9. Several lines later the messenger says, “The nature of bad news infects the teller.” What does he mean?
10. How does Antony learn of Fulvia’s death?
1. The three triumvirs of the second triumvirate were Marcus Aemilius Lepidus, Mark Antony, and Octavius (later called Caesar).
2. In the crucial conflict at Philippi between the triumvirate and the conspiracy led by Brutus and Cassius, Mark Antony led almost all the fighting, whereas Lepidus and Octavius did relatively little for the cause.
3. The Soothsayer...
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Act I, Scene 3: Questions and Answers
1. What was Cleopatra’s attitude toward Fulvia?
2. Antony says, “I am sorry to give breathing to my purpose.” What was his purpose, and what did he mean by giving “breathing” to it?
3. Why was he sorry to have to do that?
4. Cleopatra asks Charmian to “Cut my lace.” To what was she referring?
5. Why would she want her “lace” cut?
6. Cleopatra, discussing their relationship with Antony, says, “So Fulvia told me.” What did Fulvia tell her, and how?
7. What did Antony mean when he said to Cleopatra, “You’ll heat my blood”?
8. Cleopatra says to Antony, “Upon your sword/Sit laurel victory” To what was she referring?
9. Antony refers to Sextus Pompeius as “rich in his father’s honour” To what was he referring and in what manner?
10. Cleopatra asks Antony, “Where be the sacred vials thou shouldst fill/with sorrowful water?” To what was she referring?
1. Cleopatra could not have helped being jealous of Fulvia. To hide her jealously, she taunted Mark Antony about his unfaithfulness to his wife Fulvia and suggested that he would also be unfaithful to her. Her feelings of insecurity caused her to worry about Antony’s faithfulness to her.
2. Antony’s purpose was to return immediately to Rome. “Giving breathing” to it meant telling his beloved...
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Act I, Scenes 4 and 5: Questions and Answers
1. Which of the three triumvirs was considered so weak as to be almost totally ineffective?
2. What passage in the first act is our first clue to his weakness and ineffectiveness?
3. At what point in the first act, other than the prophecy of the Soothsayer, do we find foreshadowing of the coming conflict between Mark Antony and Octavius (Caesar)?
4. Cleopatra’s feelings toward Mark Antony tend to vary throughout the play. Although she tries to convince him to receive the delegation from Octavius, she finally approves his return to Rome and strongly upbraids her companions for what she considers a derogatory comment about him. What was the comment?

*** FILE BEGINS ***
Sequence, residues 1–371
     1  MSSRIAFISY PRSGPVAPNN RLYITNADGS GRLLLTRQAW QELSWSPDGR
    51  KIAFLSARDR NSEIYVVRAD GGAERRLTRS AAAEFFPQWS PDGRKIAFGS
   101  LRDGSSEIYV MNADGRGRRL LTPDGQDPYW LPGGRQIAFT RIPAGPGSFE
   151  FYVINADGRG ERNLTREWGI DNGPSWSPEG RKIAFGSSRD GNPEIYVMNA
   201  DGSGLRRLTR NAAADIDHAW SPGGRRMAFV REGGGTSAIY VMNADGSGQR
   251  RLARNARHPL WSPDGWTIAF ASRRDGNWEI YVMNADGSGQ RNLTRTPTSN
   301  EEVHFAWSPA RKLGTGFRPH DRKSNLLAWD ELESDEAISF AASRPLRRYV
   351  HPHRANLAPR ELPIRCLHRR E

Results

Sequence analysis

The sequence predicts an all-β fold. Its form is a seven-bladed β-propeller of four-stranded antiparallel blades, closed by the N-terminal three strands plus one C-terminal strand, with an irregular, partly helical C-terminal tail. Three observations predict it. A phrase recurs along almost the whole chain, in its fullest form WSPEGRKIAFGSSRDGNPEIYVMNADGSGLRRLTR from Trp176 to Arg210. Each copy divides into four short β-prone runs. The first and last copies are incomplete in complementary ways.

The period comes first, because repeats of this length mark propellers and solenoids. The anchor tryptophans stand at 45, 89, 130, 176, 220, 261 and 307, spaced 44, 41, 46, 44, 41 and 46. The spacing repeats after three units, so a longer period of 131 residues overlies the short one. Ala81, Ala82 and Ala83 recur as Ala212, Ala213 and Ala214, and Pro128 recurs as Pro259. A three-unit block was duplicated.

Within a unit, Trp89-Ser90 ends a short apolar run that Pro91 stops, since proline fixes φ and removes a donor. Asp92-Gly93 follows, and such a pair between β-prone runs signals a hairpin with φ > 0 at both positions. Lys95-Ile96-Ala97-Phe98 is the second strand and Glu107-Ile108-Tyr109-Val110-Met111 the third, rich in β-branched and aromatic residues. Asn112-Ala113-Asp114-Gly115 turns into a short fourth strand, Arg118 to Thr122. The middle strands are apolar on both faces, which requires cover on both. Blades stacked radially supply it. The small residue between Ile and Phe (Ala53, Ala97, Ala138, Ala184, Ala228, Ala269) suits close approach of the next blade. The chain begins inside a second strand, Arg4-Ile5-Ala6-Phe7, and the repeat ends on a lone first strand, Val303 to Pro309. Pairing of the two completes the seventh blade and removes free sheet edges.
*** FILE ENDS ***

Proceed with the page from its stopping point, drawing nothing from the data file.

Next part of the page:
5. Lepidus says, “His faults in him seem as the spots of heaven,/More fiery by night’s blackness.” About whom does he say this, and what does he mean?
6. Octavius (Caesar) says, in commenting on Antony’s sojourn in Egypt, “Let’s grant it is not/Amiss to tumble on the bed of Ptolemy.” Why would Octavius be so gracious as to comment so about one with whom he is angry?
7. Cleopatra asks Charmian for a drink of mandragora. Why would she desire such a drink?
8. Octavius says to Lepidus, “Pompey/Thrives in our idleness.” What did he mean?
9. Menecrates and Menas are called “famous pirates.” Later in the play they become relatively important characters. Who are they and in what kind...
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Act II, Scenes 1 and 2: Questions and Answers
1. Why did Mark Antony return to Rome from Egypt?
2. What reasons did he give Octavius for not returning sooner?
3. Name two major accusations Octavius brought against Antony.
4. Why was Lepidus anxious to prevent any antagonism between Octavius and Antony from developing?
5. From which character(s), other than Enobarbus, did Lepidus receive the most help in allaying the controversy between the two men?
6. For what comment was Enobarbus severely rebuked by Antony, and why?
7. Why did Agrippa want Octavia to marry Antony?
8. What was Antony’s comment about Fulvia when Octavius commented derogatorily on her actions?
9. In the opening Scene of Act II, Menas says: “Know, worthy Pompey/That what they [the great gods] do delay they do not deny.” What does Menas mean and what argument does he use to explain why the great gods act as they do?
10. Referring to Silvius, Pompey says, “He dreams.” Why does Pompey think Silvius is dreaming instead of accurately reporting the situation?
1. Octavius and Lepidus, faced with warfare against Sextus Pompeius (Pompey), thought their chances of victory would be greatly increased if Antony were there to command the troops.
2. Antony said that his presence in Rome was not really required earlier than when he actually returned, that Cleo¬patra’s...
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Act II, Scenes 3, 4, and 5: Questions and Answers
1. The Soothsayer reappears here. What advice does he give to Antony?